Authored by Patrick Buchanan via Buchanan.org, If the crown prince of Saudi Arabia has in mind a war with Iran, President Trump should disabuse his royal highness of any notion that America would be doing his fighting for him. Mohammed bin Salman, or MBS, the 32-year-old son of the aging and ailing King Salman, is making too many enemies for his own good, or for ours. Pledging to Westernize Saudi Arabia, he has antagonized the clerical establishment. Among the 200 Saudis he just had arrested for criminal corruption are 11 princes, the head of the National Guard, the governor of Riyadh, and the famed investor Prince Alwaleed bin Talal. The Saudi tradition of consensus collective rule is being trashed. MBS is said to be pushing for an abdication by his father and his early assumption of the throne. He has begun to exhibit the familiar traits of an ambitious 21st-century autocrat in the mold of President Recep Tayyip Erdogan of Turkey. Yet his foreign adventures are all proving to be debacles. The rebels the Saudis backed in Syria’s civil war were routed. The war on the Houthi rebels in Yemen, of which MBS is architect, has proven to be a Saudi Vietnam and a human rights catastrophe. The crown prince persuaded Egypt, Bahrain and the UAE to expel Qatar from the Sunni Arab community for aiding terrorists, but he has failed to choke the tiny country into submission. Last week, MBS ordered Lebanese Prime Minister Saad Hariri to Riyadh, where Hariri publicly resigned his office and now appears to be under house arrest. Refusing to recognize the resignation, Lebanon’s president is demanding Hariri’s return. After embattled Houthi rebels in Yemen fired a missile at its international airport, Riyadh declared the missile to be Iranian-made, smuggled into Yemen by Tehran, and fired with the help of Hezbollah. The story seemed far-fetched, but Saudi Foreign Minister Adel al-Jubeir said the attack out of Yemen may be considered an “act of war” — by Iran. And as war talk spread across the region last week, Riyadh ordered all Saudi nationals in Lebanon to come home. Riyadh has now imposed a virtual starvation blockade — land, sea and air — on Yemen, that poorest of Arab nations that is heavily dependent on imports for food and medicine. Hundreds of thousands of Yemeni are suffering from cholera. Millions face malnutrition. The U.S. interest here is clear: no new war in the Middle East, and a negotiated end to the wars in Yemen and Syria. Hence, the United States needs to rein in the royal prince. Yet, on his Asia trip, Trump said of the Saudi-generated crisis, “I have great confidence in King Salman and the Crown Prince of Saudi Arabia, they know exactly what they are doing.” Do they? In October, Jared Kushner made a trip to Riyadh, where he reportedly spent a long night of plotting Middle East strategy until 4 a.m. with MBS. No one knows how a war between Saudi Arabia and Iran would end. The Saudis has been buying modern U.S. weapons for years, but Iran, with twice the population, has larger if less-well-equipped forces. Yet the seeming desire of the leading Sunni nation in the Persian Gulf, Saudi Arabia, for a confrontation with the leading Shiite power, Iran, appears to carry the greater risks for Riyadh. For, a dozen years ago, the balance of power in the Gulf shifted to Iran, when Bush II launched Operation Iraqi Freedom, ousted Saddam Hussein, disarmed and disbanded his Sunni-led army, and turned Iraq into a Shiite-dominated nation friendly to Iran. In the Reagan decade, Iraq had fought Iran as mortal enemies for eight years. Now they are associates, if not allies. The Saudis may bristle at Hezbollah and demand a crackdown. But Hezbollah is a participant in the Lebanese government and has the largest fighting force in the country, hardened in battle in Syria’s civil war, where it emerged on the victorious side. While the Israelis could fight and win a war with Hezbollah, both Israel and Hezbollah suffered so greatly from their 2006 war that neither appears eager to renew that costly but inconclusive conflict. In an all-out war with Iran, Saudi Arabia could not prevail without U.S. support. And should Riyadh fail, the regime would be imperiled. As World War I, with the fall of the Romanov, Hohenzollern, Hapsburg and Ottoman empires demonstrated, imperial houses do not fare well in losing wars. So far out on a limb has MBS gotten himself, with his purge of cabinet ministers and royal cousins, and his foreign adventures, it is hard to see how he climbs back without some humiliation that could cost him the throne. Yet we have our own interests here. And we should tell the crown prince that if he starts a war in Lebanon or in the Gulf, he is on his own. We cannot have this impulsive prince deciding whether or not the United States goes to war again in the Middle East. We alone decide that.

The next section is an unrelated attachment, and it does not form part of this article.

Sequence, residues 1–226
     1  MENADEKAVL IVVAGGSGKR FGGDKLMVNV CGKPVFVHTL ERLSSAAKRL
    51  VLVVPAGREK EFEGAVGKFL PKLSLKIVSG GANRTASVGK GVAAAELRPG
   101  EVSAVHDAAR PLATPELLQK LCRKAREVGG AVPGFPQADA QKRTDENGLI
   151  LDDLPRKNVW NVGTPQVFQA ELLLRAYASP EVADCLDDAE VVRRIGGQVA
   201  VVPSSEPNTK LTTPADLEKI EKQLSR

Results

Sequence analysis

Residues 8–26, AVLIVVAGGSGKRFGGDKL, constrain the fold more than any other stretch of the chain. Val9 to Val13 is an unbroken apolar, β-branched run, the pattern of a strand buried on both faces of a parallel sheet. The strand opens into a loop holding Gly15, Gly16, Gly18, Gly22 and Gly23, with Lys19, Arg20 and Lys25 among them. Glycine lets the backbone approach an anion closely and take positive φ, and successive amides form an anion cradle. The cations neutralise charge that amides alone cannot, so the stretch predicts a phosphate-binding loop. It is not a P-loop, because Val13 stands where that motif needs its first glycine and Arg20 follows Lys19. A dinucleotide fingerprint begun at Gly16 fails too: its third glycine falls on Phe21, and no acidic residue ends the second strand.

14 ноября, 17:30